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A Box or Two….

Soth East Asian Ceramic Boxes

Some fascinating ancient boxes, just released on Moorabool.com

We’re pleased to offer a small selection of South-East Asian ceramic boxes, fresh to Moorabool.com.

Collection of South East Asian Ceramic Boxes

These pottery and porcelain objects were produced in vast quantities in certain places as trade goods, and as a result are found all across South-East Asia.

Khmer bird pot, 12th century
Khmer bird pot, 12th century

The earliest we have are the Khmer examples, with one delightfully shaped like a small plump bird; his beak and eyes protrude from one side, balanced by a tail at the rear. A small conical cap to the top is almost a miniature Buddhist stupa….

Song Dynasty, 13th century
Song Dynasty Qingbai, 13th century

Equal date is the amazing large white glazed porcelain box with a peony rose moulded to the top. This is from Song Dynasty China, 12th-13th century, of a type known as ‘Qingbai’.

Thai 15th century

I like the Thai pieces from the 15th century for their sophisticated moulded patterns. The ‘Deer’ and the ‘Flower’ boxes we have are particularly tactile pieces, encouraging you to explore their design with your fingertips.

Swipe Left, South Australian Museum:Swipe Right, our example. Thai, Swankalok,

The other Thai pieces are a larger form, made to hold more. These are a distinct high-fired stoneware, and the kiln sites for these were traced & excavated in the 1980’s in Thailand, known as Sawankalok. Australian scholars were a major part of this study, and an important collection of these pieces can be seen in the Art Gallery of South Australia. Interestingly, there is an almost identical box to one of our pieces there, the only difference being a complete reversal of the colour scheme; ours is like the ‘negative’ of theirs!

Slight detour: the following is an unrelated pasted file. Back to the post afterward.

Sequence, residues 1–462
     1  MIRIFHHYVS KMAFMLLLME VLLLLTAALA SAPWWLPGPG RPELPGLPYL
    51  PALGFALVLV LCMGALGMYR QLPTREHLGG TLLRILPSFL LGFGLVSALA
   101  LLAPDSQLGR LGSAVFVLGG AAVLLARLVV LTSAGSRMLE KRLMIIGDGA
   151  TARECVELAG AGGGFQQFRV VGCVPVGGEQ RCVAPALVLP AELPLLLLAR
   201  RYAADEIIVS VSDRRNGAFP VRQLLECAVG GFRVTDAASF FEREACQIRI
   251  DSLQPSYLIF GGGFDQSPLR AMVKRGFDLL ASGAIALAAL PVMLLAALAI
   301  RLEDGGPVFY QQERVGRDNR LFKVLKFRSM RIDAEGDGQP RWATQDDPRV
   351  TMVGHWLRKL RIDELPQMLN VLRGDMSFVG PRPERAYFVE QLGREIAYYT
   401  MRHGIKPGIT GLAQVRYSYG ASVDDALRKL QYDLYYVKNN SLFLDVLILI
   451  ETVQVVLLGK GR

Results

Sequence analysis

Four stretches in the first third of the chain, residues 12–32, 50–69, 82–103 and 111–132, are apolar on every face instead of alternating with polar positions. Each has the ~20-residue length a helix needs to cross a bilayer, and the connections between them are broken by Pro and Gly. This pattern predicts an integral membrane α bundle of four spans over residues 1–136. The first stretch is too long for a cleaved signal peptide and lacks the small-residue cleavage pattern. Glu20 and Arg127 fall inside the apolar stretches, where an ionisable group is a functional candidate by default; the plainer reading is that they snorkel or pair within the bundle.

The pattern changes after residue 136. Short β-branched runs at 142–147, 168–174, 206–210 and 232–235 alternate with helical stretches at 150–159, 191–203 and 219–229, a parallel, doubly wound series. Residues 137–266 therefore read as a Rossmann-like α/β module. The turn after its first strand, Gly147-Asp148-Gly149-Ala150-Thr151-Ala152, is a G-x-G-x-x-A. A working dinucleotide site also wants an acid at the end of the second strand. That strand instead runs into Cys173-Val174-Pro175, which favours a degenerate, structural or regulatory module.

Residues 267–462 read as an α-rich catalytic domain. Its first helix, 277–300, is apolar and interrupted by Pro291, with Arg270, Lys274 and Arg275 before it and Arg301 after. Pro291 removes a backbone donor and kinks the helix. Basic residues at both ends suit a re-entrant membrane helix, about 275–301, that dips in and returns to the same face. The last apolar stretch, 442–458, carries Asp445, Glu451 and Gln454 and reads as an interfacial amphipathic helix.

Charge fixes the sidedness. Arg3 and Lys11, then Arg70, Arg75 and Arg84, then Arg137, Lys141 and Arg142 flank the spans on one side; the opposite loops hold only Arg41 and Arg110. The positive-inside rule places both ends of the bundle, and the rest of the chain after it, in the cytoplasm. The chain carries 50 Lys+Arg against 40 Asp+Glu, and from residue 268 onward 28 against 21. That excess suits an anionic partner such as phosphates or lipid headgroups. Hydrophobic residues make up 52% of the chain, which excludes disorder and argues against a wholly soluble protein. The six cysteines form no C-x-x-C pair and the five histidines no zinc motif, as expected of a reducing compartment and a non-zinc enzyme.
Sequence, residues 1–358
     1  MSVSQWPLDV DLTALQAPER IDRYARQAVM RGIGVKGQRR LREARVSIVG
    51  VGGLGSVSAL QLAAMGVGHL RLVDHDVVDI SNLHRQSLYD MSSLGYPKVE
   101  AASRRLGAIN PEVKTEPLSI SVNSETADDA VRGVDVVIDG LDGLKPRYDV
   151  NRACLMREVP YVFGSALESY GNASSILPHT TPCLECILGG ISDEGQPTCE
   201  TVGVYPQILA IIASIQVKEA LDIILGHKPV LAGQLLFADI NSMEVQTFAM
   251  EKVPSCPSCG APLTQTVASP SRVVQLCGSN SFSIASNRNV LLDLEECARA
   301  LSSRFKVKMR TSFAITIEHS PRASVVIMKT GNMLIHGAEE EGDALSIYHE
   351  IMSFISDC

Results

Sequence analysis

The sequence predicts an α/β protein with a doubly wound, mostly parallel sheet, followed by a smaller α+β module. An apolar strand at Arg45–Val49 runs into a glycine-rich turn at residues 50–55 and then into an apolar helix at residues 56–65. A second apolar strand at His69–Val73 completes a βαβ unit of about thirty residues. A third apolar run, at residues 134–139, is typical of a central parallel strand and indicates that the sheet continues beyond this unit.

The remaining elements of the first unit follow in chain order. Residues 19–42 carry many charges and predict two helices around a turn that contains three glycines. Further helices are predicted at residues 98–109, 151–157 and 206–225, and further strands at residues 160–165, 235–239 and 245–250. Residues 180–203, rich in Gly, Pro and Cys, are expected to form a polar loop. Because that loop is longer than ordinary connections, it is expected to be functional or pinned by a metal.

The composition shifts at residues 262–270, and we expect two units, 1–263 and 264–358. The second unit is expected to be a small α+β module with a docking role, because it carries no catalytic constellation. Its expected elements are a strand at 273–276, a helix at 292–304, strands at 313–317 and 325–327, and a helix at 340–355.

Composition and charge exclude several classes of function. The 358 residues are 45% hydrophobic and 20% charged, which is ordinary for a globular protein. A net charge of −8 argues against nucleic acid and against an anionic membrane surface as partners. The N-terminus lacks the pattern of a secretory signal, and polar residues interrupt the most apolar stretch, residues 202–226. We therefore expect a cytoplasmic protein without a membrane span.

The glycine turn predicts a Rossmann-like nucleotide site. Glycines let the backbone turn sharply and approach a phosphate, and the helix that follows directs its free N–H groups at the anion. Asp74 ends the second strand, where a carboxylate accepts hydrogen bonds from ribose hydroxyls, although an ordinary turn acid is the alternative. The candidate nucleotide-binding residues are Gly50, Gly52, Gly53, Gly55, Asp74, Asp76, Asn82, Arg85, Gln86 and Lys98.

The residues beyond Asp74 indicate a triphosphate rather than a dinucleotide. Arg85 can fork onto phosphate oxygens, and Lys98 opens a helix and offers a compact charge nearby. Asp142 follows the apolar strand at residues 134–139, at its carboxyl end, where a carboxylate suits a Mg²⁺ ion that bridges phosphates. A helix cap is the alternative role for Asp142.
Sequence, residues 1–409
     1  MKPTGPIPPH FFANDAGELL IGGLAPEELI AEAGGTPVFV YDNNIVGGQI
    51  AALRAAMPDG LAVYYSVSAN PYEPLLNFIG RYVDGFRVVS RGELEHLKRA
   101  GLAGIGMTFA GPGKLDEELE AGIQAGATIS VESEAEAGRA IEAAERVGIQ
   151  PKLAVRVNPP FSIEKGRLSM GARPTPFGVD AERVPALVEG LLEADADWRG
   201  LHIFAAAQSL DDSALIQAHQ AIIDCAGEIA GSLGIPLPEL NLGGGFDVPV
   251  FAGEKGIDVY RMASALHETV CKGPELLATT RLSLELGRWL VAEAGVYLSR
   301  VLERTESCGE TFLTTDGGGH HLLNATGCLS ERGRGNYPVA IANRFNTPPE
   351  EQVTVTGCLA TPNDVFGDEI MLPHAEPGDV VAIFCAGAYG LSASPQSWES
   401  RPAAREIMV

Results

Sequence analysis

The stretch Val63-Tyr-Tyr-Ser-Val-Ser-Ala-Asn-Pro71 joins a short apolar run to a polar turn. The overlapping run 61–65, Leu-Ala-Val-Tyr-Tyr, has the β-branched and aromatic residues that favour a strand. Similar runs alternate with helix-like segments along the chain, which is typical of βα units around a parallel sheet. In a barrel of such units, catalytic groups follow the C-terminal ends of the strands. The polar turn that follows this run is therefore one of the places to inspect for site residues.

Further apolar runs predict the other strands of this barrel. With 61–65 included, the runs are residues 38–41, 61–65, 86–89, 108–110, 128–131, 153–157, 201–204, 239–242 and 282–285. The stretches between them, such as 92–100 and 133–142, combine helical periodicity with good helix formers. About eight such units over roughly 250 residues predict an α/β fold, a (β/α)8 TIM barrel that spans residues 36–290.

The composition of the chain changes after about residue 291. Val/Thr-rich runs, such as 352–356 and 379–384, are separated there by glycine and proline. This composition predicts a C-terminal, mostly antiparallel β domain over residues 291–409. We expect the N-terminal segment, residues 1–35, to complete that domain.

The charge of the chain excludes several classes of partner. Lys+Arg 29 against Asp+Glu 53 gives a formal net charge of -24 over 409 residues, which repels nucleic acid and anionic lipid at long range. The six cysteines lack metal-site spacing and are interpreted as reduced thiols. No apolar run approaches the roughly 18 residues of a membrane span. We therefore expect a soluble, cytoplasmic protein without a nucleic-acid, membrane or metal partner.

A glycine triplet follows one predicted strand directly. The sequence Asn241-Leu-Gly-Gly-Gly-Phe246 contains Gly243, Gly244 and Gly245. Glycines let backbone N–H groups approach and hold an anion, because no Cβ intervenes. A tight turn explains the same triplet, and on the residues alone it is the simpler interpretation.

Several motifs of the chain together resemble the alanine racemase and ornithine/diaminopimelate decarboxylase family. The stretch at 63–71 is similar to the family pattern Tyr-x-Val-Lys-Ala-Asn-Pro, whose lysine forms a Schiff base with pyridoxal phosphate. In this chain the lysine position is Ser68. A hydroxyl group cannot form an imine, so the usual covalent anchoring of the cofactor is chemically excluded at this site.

What were they used for?
The answer to that is “whatever you need a box for!”
Much like a Tupperware box today, they would have been used for whatever the locals needed a small container to hold. In some regions they were probably highly prized expensive imports, used in such prestigious occasions as wedding dowries and burials of the more wealthy. In some of the Indonesian island kingdoms, for example, they are found in ‘caches’, large groups of buried ‘treasure’ including ceramics and precious metals – probably a local wealthy person burying their prized possessions in a time of conflict and never coming back for them.

Hoi An Shipwreck, c. 1490
Hoi An Shipwreck, c. 1490


Another amazing source of these boxes are shipments that never made it to the market place. Boxes from well-known shipwrecks that we have include the Vietnamese products from the late 15th century Hoi An wreck, and a few from the early 17th century Ming Dynasty Bihn Thuan wreck, sold off in Melbourne a few years ago.

Here’s a selection currently in stock:

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